When you're pregnant, you're constantly lifting weight, just walking around with a protruding belly. The simplest activities can already provide a workout. However, a new study says most pregnant women do not get nearly enough exercise.

According to a study by researchers at the University of North Carolina, Chapel Hill, only 23% of pregnant women get 30 minutes of exercise daily, the generally recommended amount. The American Congress of Obstetricians and Gynecologists (ACOG) and the Department of Health and Human Services both urge women with uncomplicated pregnancies to get 30 minutes of moderate exercise at least five days per week.

In the study, moderate intensity exercise was defined as exercise that caused light sweating, or a small rise in breathing and heart rate. Between 1999 and 2006, researchers surveyed 1,280 pregnant women, and found that more women did moderate to vigorous exercise during their first trimester as opposed to their third trimester. While 56% of them had engaged in some kind of exercise within one month of the survey, only 14% to 23% of pregnant women exercised regularly as recommended.

The benefits of regular exercise during pregnancy are nothing to dismiss. It leads to lower rates of depression, gestational diabetes and hypertension. Exercise can also help with body awareness, and ease any awkwardness you may feel walking around with a changing, ever-expanding physique. ACOG also says regular exercise can help prepare you for labor and delivery. Exercise boosts energy, aids sleep, and raises endurance while increasing muscle tone and strength. It also eases some of the more pesky ailments of pregnancy, like constipation, back pain, swelling, and moodiness.

Exercises such as swimming, cycling, brisk walking, and even aerobic classes are considered safe during pregnancy. However, it's essential to check with your health care provider before starting any exercise regimen, particularly if you want to take up a new exercise like running, weight training, or racquet sports. You might want to table your dreams of becoming a sports legend until after you've given birth.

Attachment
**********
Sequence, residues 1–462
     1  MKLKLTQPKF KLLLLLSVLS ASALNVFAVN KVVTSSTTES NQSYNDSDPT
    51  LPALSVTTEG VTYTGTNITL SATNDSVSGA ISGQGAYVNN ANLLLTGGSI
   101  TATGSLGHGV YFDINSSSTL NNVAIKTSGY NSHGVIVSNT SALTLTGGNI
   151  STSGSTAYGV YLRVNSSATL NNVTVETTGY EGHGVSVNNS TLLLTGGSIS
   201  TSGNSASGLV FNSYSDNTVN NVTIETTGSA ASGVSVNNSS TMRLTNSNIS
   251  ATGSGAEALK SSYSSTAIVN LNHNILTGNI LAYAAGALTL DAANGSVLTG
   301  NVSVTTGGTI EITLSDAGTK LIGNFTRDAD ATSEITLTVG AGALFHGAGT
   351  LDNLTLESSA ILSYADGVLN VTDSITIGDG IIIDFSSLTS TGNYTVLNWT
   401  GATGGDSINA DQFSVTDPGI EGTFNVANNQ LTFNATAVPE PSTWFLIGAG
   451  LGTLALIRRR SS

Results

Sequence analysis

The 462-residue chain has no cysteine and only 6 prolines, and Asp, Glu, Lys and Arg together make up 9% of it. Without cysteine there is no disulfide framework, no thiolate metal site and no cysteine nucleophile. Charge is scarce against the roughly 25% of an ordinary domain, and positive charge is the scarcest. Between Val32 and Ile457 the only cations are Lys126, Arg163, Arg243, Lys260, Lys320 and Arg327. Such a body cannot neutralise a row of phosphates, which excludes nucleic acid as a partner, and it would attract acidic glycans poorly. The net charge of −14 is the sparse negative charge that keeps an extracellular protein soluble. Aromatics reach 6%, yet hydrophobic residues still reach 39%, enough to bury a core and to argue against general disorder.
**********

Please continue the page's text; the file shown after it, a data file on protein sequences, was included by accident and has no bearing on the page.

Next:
Another study from researchers at the University of Auckland, New Zealand, found that women who exercise moderately during pregnancy give birth to slightly smaller babies, and these kids may have a reduced risk of becoming obese later in life. They studied 84 women pregnant with their first child. One group was tasked with doing moderate intensity exercises (riding stationary bikes) for 40 minutes, five times per week. The remaining women comprised the control group and went about their daily activities with no exercise regimen. The study followed everyone from week 20 through week 36, and all participants had a healthy body weight before the pregnancy.

At the end of the study, the exercise group gave birth to babies with a lower body weight and a lower body mass index — an average of 7.5 lbs compared to 7.8 lbs for babies born to sedentary mothers. Babies over 8.8 lbs are considered high birth weight. No differences were seen in baby length, length of pregnancy or the mother's weight.

If you want to know more about exercise during pregnancy, ACOG has a free patient education brochure available at ACOG.